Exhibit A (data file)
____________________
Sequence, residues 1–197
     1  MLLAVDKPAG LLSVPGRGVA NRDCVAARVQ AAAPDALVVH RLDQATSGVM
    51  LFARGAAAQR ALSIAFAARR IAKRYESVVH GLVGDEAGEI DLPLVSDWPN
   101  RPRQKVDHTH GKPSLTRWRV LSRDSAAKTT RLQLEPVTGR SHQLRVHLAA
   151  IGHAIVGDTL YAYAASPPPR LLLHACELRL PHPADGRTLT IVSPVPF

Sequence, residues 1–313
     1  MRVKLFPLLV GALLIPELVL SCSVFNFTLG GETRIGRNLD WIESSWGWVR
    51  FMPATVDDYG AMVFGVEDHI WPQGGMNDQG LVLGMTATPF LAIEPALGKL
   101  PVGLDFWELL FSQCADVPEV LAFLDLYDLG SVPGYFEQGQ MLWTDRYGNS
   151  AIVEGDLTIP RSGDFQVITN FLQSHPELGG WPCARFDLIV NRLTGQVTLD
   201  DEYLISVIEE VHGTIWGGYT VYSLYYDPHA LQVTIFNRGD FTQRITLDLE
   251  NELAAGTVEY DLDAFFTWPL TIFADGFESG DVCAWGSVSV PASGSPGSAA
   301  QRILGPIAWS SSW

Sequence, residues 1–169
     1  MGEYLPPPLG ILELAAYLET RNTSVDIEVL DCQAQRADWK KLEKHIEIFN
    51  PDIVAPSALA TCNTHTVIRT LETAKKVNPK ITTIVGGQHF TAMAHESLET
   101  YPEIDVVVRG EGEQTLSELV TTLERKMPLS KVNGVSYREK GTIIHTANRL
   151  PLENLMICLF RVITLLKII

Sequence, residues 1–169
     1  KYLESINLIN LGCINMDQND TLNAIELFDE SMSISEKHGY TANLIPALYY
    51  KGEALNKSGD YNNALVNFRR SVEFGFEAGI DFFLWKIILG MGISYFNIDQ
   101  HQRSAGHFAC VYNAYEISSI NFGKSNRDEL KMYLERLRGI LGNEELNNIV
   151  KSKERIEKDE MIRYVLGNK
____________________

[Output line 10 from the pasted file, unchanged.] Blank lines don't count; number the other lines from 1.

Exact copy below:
   151  AIVEGDLTIP RSGDFQVITN FLQSHPELGG WPCARFDLIV NRLTGQVTLD